Operating System : /n./ [techspeak] (Often abbreviated ‘OS’) The foundation software of a machine, of course; that which schedules tasks, allocates storage, and presents a default interface to the user between applications. — The Jargon Dictionary
Did you know that iPhone apps run on the iPhone OS? Most of us know a computer’s operating system (OS) by its invisibility. Just let me run my Pandora or Goggle Earth or Stanza app and I’m happy. iPhone apps come from the App Store — a concept pioneered by Apple that allows app developers to get their software easily to iPhone users. Here’s Steve Jobs introducing the concept of the App Store:
But it’s the OS that makes the apps tick. In the early days of PCs, it was all about DOS (Disk Operating System). The “Microsoft Disk Operating System” (MS-DOS) came from a tweaked version of the “Quick and Dirty Operating System” (QDOS) written by Tim Paterson of Seattle Computer Products and was build on an early prototype Intel 8086-based computer. The ability to create apps requires a way to provide instructions to the computer’s hardware and store them in memory along with data. In the case of MS-DOS, this happened using a computer language called BASIC that was originally developed for the now antique Altair 8800 homebrew microcomputer by a fellow named Bill Gates and his partner Paul Allen. Of course, back then, the concept of an App Store didn’t exist. And it would still be a few years until the first spreadsheet and word processor apps would put the IBM PC and MS-DOS on the corporate map.
This opens the door to scientific institutions worldwide to get free access to a programmable robot.
Nearly 30 years later it’s ROS (Robot Operating System) that’s coming into the limelight. The Robot Operating System, despite its name, is not so much an OS but a software stack that runs on top of the GNU/Linux OS. (Linux is an OS used to power services like Google and Facebook in large data centers, but can also power PCs.) ROS includes a standardized robot-specific “Application Programming Interface” or API, the framework for integrating various pieces of software code needed to make robots operate. And if h+ contributor Ben Goertzel has his way (see Resources), a Robot App Store similar to the iPhone App Store may not be far behind.
With the recently announced release of ROS 1.0, Willow Garage is providing an open source framework that includes software libraries, tools, drivers (joystick, laser, and sound), navigation, simulation, perception, and code specific to its Personal Robot 2 (PR2) Beta Robot. This robot takes the concept of DIY robots pioneered by the Lego Mindstorms NXT robotics kit to a much more sophisticated level. Not that you can’t create sophisticated apps using Legos — at least one user has created a bot that can solve Rubik’s Cube — but ROS on a suitable hardware platform such as the PR2, the Nao, or the Texas Alpha (TA) telepresence robot offers the potential to create something that may start to resemble R2-D2 or Rosie the Robot in a few years.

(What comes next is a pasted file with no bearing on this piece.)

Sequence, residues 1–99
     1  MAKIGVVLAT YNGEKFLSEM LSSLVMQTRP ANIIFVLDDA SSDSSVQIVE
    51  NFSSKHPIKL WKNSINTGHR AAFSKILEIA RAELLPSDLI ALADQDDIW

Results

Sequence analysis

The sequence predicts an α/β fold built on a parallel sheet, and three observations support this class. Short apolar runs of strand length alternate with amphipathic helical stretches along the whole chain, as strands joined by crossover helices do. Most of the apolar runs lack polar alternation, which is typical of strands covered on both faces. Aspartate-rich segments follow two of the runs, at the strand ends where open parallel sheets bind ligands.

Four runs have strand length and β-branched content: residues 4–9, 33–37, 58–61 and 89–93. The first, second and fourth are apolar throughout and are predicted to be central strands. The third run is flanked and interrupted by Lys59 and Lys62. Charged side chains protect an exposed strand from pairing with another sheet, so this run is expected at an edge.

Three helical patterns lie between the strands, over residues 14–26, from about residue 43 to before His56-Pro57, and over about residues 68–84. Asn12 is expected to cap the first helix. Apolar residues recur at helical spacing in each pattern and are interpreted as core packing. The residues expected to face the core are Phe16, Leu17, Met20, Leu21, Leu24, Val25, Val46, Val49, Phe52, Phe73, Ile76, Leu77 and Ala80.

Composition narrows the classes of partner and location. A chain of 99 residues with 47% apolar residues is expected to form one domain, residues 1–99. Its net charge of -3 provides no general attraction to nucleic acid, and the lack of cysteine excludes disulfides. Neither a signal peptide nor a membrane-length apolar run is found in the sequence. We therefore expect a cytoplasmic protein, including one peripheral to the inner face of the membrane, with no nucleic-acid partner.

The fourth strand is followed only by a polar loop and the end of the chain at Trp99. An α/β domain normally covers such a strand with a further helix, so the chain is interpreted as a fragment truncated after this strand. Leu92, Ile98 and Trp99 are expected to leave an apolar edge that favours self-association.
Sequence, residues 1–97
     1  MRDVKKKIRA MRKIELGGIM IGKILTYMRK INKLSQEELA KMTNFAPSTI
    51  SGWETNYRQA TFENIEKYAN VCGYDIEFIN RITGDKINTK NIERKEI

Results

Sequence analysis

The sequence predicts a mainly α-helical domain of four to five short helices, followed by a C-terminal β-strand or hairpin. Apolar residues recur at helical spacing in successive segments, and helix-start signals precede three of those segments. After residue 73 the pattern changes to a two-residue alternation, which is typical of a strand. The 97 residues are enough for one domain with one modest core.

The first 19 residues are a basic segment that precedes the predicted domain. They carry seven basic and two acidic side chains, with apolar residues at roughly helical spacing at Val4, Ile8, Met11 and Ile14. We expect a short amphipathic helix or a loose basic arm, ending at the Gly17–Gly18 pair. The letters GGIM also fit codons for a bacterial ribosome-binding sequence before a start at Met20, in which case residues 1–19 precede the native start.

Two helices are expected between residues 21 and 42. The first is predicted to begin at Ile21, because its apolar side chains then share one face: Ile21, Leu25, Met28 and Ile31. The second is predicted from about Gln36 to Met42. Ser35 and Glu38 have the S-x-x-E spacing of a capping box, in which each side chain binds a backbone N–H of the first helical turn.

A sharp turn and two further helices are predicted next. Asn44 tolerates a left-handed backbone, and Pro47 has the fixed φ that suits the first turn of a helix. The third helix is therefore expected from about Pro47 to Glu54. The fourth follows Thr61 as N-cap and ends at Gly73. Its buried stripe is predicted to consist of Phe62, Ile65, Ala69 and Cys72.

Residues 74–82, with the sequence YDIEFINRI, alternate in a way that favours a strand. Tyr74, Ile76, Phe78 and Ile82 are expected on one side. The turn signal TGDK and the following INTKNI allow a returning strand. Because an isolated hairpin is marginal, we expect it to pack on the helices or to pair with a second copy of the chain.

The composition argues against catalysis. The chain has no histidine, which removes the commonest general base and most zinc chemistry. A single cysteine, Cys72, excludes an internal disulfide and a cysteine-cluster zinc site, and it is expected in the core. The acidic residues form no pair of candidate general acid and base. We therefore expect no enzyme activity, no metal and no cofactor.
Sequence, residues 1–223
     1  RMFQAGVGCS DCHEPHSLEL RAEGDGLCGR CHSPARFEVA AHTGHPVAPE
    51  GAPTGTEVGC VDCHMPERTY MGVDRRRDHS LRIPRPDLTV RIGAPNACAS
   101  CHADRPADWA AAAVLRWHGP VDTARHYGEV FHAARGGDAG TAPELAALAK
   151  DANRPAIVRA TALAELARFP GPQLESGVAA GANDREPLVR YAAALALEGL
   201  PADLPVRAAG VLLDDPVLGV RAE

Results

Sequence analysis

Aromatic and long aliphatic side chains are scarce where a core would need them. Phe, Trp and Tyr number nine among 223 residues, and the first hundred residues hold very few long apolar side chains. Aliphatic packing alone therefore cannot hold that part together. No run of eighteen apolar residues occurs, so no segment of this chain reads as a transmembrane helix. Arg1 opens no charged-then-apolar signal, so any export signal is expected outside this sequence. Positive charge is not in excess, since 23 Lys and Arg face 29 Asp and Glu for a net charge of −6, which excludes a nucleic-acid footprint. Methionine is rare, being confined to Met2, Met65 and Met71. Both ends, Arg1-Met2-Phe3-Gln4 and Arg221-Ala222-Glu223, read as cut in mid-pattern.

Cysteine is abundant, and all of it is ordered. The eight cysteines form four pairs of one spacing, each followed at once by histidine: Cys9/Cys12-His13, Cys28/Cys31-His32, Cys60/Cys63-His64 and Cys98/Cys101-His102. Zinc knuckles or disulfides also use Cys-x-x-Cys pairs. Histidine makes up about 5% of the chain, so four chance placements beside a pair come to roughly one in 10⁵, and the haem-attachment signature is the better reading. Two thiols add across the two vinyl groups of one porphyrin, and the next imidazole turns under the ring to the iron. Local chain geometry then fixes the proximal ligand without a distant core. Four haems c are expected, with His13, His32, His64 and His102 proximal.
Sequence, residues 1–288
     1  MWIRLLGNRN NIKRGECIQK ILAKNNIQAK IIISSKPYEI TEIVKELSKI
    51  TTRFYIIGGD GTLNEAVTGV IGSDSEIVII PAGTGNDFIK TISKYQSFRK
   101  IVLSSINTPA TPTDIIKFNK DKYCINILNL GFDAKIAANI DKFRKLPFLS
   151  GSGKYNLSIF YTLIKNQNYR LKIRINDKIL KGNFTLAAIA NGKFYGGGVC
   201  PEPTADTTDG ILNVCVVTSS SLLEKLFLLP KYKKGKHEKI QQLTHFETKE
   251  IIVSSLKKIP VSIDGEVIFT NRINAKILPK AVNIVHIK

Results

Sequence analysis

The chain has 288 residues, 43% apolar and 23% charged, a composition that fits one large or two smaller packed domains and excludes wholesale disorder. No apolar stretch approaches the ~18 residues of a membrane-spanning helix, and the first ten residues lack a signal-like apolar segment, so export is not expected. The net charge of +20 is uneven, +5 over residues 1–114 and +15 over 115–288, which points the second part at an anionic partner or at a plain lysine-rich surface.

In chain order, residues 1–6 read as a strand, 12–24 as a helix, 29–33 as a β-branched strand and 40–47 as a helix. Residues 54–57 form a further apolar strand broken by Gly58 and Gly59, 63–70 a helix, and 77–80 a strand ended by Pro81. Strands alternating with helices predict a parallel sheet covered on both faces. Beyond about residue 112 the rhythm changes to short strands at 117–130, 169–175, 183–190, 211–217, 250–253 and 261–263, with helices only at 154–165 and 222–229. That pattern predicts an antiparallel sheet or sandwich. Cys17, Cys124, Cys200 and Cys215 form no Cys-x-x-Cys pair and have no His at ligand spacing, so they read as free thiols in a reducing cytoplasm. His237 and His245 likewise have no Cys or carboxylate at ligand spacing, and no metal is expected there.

Willow Garage’s PR2 beta production robots are now rolling off the assembly line. And you (or your research facility) can actually start to program one at no cost, other than the postage required to submit a proposal. This opens the door to scientific institutions worldwide to get free access to a programmable robot. Willow Garage is looking for proposals that do one or more of the following:
- Enable scientific breakthroughs in personal robotics,
- Expand the open source robotics community,
- Develop reusable components and tools, and
- Explore new applications for personal robots.
How to get to the Robot App Store envisioned by Dr. Goertzel and Willow Garage’s Brian Gerkey? This potentially goes beyond Steve Jobs’ concept of the iPhone App Store in that “the robots themselves could go online in real-time and download new apps enabling them to solve problems that are stumping them at the moment.”
Building apps requires one or more computer languages. One such language is the OpenRAVE planning system developed at Carnegie Mellon University (CMU). OpenRAVE apps involve grasping and manipulation algorithms for robots. According to Willow Garage, OpenRAVE has been used “to write robust manipulation scripts that have been tuned and tested on multiple robot systems for the past two years.” Here’s a video of an OpenRAVE demo on a PR2 robot:
Using OpenRAVE and the OpenCV (vision) libraries, Player/Stage (sensor), and the TREX goal/event driven behavior framework (the “brains”) provided by ROS 1.0, interested groups of researchers from anywhere in the world can actually start to develop apps on their PR2 robot for research into DIY home, open source, humanoid robotics.
It may be a while until we achieve Dr. Goertzel’s vision of “massive-scale collective intelligence, powered by multiple bots continually uploading and downloading learned behaviors and insights from the Robot App Store.” But, with the release of ROS 1.0 and the availability of free PR2 robots, the Robot App Store is now open for any programmer willing to share code.